ARCADE | In Earshot: Songs for spooky season

Lila Mago and Jules Hanisee

Emma Vaughters, Matthew Tate

October, also objectively known as the best month of the year, has hit New Orleans in full swing, as per usual. While Halloween music options are not as extensive as other holidays such as Christmas, there are plenty of ghoulish jams out there to help you embrace the season. Going to haunted houses, decorating dorms and walking on St. Charles Avenue to look at all of our uptown neighbors’ decor is most likely on your spooky-season to-do list. If you are looking for something other than “Monster Mash” to add to your Halloween playlist, check out these spooky song recommendations. 

“Witchcraft” by Frank Sinatra

Witchcraft,” by Frank Sinatra, is about a man who has fallen in love with a woman, and he considers this love and his enamored nature to be due to a spell that has been cast upon him. The most recommended listening environment would entail fuzzy socks, slow dancing and a glass of eyeball punch to share among friends — the kind of environment that would appear in a horror movie before the real action starts. 

“Dream Girl Evil” by Florence + The Machine

The sixth track off of Florence + The Machine’s latest album, “Dance Fever,” “Dream Girl Evil” combines prominent drums with lead singer Florence Welch’s sweetly haunting vocals to create an enchanting dance tune. This song evokes a witchy atmosphere perfect for Halloween. 

“The Witch Queen of New Orleans” by Redbone

The Witch Queen of New Orleans” is an incredible rock and blues song with encapsulating violin written by two Native American brothers. The song discusses a Voodoo practitioner, known as the “Voodoo queen” of New Orleans, as she holds ceremonies of possessions by spirits. The lyrics are creative and spooky, and if you’re looking for a classic New Orleans blues sound, this song is your new go-to.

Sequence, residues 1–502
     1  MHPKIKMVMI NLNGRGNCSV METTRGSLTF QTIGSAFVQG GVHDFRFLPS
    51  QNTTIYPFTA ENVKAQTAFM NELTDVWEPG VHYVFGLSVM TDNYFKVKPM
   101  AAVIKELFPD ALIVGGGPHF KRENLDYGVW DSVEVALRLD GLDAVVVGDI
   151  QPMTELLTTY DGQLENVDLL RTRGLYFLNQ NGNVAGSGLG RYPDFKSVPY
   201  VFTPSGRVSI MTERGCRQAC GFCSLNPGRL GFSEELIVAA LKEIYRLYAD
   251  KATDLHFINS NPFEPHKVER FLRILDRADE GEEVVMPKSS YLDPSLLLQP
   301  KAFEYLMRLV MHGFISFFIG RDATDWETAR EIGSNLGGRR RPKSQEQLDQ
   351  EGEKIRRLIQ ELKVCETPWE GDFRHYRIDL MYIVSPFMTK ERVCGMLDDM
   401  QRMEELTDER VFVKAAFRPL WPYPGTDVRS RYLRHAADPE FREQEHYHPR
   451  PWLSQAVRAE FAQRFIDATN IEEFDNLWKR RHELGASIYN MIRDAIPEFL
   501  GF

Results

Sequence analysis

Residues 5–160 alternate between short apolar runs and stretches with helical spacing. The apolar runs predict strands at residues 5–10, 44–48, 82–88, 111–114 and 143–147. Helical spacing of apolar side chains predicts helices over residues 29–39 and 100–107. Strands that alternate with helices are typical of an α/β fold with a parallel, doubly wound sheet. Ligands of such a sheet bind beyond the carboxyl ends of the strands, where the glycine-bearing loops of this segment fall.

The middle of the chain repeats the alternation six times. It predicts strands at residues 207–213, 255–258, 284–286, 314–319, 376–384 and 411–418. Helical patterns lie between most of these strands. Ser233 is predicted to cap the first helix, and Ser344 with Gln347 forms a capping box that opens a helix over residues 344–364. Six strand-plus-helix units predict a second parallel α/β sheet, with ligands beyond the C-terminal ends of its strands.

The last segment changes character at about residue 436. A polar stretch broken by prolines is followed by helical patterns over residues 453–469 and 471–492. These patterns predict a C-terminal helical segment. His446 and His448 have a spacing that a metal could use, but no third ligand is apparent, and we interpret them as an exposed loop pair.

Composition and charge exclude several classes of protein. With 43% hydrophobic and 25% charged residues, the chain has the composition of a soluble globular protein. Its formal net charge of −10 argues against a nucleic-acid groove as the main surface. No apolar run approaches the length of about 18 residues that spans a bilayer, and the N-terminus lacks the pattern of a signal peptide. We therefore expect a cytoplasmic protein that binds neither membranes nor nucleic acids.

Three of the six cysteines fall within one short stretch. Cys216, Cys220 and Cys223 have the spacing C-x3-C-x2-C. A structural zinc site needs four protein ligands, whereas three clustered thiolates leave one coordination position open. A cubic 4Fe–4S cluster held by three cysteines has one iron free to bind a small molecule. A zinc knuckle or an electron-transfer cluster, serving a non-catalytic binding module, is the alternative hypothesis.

“Graveyard’s Full” by The Growlers

The Growlers deliver a sense of impending doom through this upbeat tune with menacing lyrics. This song can be best described as folksy with a rustic, autumnal feel, fitting for frightening fall activities.

“Witches” by Alice Phoebe Lou

Alice Phoebe Lou is a South African musician based in Berlin who has produced multiple studio albums and top hits. Her most popular song, “Witches,” is comprised of fast-paced drums, synths and Lou’s captivating voice. This is a whimsical, folky and addictive song to have in your Spotify-shaped back pocket. 

“Lullaby” by The Cure

Lead singer Robert Smith’s whispery warnings layered with harp-like synths make “Lullaby” a spooky listen. This eerie fantasy highlights the nightmarish world that comes alive when you fall asleep, a concept that is quintessentially Halloween.

“Witch” by the bird and the bee

The bird and the bee have whimsical, deep female voices and story-oriented lyrics. “Witch” is about a woman who attempts to cover up her insecurities by putting on a confident, seductive persona to bring them her way. “Witch” has elements of lyrical pop, alternative dance and hints of jazz. 

“Hour of the Wolf” by Surf Curse

Surf Curse’sHour of the Wolf” expresses deep longing through the guise of werewolf metaphors. Soothing and slightly spooky, it is the perfect soundtrack to an indie Halloween.

“Season of the Witch” by Donovan

Season of the Witch” was first released in 1966 and has an incredible psychedelic sound, with bluegrass, folk, blues, jazz and indie influences. There are different elements of the song that perfectly exemplify all of those genres, for example, the electric guitar gives hints of alternative and folk music, the horn supplies polished blues and the vocals give strong indie hues. 

“Season of the Witch” by Lana Del Rey

In this cover, Lana Del Rey transforms Donovan’s 1966 classic with her soft and soulful vocals. “Season of the Witch” lives up to its name, as the song creates both a gorgeous and ghostly atmosphere. 

“Rattlin’ Bones” by Preservation Hall Jazz Band

Here the Preservation Hall Jazz Band tells a ghoulish story of New Orleans’ undead. Its wailing trumpets and foreboding lyrics emphasize the message that, here in NOLA, “there ain’t no running from the rattlin’ bones.”

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